Inkscape 0.92 available for ARMv7 Processor on Ubuntu 14.04.5 LTS?

Asked by David Kirkby on 2017-05-26

Thanks for this great software.
I currently run Ubuntu 14.04.5 LTS on a Chromebook with an ARMv7 processor and have Inkscape 0.48 installed.

Don't know how many other people are running this setup, but it would be nice if we could install Inkscape 0.92.
Anybody able to help us out?

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Hachmann (marenhachmann) said : #1

Hi David,

I'm not sure, actually. Never came across one, I think. Maybe there's something available in some Raspberry Pi repos?

I could help you compile it, though. Let me know if you'd like to try it (I'm just working on a guide and a script to automate that).

Kind Regards,

David Kirkby (spearthistle) said : #2

Hi Maron,

Thanks for the response. had a 504 gateway timeout


shows the available version as 0.48

If your happy to help me compile 0.92, I could certainly have a go.

What would you like me to do?

Best Wishes,

Best Hachmann (marenhachmann) said : #3

Hi David,

I tested these instructions on a vanilla Ubuntu 14.04 amd64 virtual machine (updated fully, but not updated to 16.04), so not on ARM. I hope they'll still work:

1. First, you will need to install the build dependencies. No guarantee that they are available in your repos, and also not that they will be available in the required version, though. I haven't tested. If there are any backport repos for your arm architecture, it could (potentially) be useful to activate them and run 'apt-get update' before you start.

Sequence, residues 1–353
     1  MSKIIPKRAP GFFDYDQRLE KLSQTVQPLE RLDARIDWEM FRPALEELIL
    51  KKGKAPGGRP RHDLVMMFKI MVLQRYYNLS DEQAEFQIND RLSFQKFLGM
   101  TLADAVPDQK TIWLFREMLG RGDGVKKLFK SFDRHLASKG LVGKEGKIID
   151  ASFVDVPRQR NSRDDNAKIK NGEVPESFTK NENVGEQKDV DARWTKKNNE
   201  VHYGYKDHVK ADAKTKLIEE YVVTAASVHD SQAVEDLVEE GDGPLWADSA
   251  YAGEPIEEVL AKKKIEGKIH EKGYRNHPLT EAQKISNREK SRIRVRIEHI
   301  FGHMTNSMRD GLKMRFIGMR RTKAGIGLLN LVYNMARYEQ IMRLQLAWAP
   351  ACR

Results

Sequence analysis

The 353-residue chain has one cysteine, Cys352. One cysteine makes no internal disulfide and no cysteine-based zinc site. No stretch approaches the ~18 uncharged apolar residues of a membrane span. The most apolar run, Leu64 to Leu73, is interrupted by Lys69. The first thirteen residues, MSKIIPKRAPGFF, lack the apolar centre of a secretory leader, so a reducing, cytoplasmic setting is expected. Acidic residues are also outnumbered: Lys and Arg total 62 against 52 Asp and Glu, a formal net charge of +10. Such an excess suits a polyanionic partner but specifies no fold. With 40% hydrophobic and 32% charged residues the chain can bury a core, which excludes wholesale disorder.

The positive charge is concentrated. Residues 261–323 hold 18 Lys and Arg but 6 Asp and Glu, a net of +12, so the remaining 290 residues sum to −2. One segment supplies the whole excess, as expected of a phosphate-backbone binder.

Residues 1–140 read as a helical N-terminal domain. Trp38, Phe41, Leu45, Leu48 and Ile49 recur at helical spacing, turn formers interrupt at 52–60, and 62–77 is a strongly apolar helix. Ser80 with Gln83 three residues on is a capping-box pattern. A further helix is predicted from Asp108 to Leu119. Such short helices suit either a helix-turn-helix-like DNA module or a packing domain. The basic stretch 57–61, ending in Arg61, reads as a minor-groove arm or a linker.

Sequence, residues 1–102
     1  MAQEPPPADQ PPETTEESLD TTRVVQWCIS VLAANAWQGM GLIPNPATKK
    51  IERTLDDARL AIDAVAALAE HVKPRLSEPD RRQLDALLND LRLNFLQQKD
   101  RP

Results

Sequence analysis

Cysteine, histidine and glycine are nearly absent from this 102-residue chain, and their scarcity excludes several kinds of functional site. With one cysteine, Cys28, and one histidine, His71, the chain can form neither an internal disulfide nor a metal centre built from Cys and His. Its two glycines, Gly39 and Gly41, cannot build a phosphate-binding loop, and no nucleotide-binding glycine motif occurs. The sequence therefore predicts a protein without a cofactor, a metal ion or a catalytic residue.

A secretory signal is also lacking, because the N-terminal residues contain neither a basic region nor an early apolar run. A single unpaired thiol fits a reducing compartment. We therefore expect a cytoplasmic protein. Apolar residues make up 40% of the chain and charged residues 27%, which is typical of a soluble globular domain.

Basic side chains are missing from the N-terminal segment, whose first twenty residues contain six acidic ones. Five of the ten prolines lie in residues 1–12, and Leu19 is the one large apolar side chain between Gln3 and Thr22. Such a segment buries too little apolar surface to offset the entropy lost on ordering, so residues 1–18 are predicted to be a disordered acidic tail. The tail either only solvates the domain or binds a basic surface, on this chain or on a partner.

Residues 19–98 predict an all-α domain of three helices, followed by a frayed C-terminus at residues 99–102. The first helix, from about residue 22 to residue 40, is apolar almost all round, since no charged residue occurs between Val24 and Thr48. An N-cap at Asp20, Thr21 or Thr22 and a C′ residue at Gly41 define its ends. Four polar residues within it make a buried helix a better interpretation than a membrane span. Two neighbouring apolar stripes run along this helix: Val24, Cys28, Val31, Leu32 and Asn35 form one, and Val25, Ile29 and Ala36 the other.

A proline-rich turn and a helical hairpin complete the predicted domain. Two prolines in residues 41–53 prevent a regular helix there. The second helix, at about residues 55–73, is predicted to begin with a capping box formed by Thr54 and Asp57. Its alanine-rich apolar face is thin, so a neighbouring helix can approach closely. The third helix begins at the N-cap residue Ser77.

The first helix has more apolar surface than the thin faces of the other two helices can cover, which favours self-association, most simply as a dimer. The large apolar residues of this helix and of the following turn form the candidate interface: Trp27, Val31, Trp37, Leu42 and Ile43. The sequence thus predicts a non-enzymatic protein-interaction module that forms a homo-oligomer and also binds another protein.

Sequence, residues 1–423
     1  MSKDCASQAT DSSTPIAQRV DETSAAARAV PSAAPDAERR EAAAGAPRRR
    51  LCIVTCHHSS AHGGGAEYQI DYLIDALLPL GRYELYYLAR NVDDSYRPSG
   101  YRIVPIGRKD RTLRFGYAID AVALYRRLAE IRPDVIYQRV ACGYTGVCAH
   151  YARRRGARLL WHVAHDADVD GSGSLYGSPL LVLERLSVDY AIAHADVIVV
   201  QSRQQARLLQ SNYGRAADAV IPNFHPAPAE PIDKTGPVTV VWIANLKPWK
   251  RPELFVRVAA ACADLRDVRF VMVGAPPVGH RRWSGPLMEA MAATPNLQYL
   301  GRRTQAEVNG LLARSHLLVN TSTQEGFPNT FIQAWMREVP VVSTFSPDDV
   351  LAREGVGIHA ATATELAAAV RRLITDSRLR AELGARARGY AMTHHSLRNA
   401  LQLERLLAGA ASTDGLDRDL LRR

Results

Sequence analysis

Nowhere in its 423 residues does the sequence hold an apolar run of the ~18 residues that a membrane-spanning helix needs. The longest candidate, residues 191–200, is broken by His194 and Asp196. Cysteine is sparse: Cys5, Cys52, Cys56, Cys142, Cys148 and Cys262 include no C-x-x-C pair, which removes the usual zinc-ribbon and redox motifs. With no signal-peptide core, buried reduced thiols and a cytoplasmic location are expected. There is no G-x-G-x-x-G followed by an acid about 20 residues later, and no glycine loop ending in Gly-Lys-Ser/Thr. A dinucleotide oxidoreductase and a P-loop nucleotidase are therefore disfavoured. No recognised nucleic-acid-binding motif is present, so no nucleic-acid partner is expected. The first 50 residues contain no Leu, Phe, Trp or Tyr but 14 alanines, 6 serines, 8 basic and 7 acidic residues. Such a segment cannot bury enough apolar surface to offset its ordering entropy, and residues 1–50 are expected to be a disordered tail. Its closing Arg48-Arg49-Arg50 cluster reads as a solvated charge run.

$ sudo apt-get install bash-completion cmake debhelper dh-python gimp gnome-pkg-tools libart-2.0-dev libaspell-dev libboost-dev libcdr-dev libdbus-1-dev libdbus-glib-1-dev libgc-dev libglib2.0-dev libgsl0-dev libgtk2.0-dev libgtkmm-2.4-dev libgtkspell-dev libicu-dev liblcms2-dev libmagick++-dev libpango1.0-dev libpng-dev libpoppler-glib-dev libpoppler-private-dev libpopt-dev libpotrace-dev libsigc++-2.0-dev libtool libvisio-dev libwpd-dev libwpg-dev libxml-parser-perl libxml2-dev libxslt1-dev pkg-config python-dev python-lxml zlib1g-dev python-scour

(python-scour isn't a build dep, but you'll need it if you want to be able to save as optimized svg - and please don't ask why gimp is listed as a build dependency... I don't know.)

2. Now you must decide whether you want to build the officially released stable version, or the current stable branch with relevant bug fixes (and a very low, but existant, risk of newly introduced bugs - this branch is different from the trunk branch, which is the current development focus and /really/ contains new bugs.).

For the official 0.92.1 release, download:

For the current stable branch, download:

(check if there are newer revisions - current number: see, and scroll down to 'Recent revisions' section, replace both '15432' in the URL with latest revision number)

Extract the archive you downloaded into a folder of your choice.

3. Traverse the nested folders, until you get to a folder which contains multiple files and folders (its name should be 0.92.x or perhaps 0.92.1).

In this folder (which contains READMEs and license files etc.) create a new directory named 'build':
$ mkdir build

Enter the directory:
$ cd build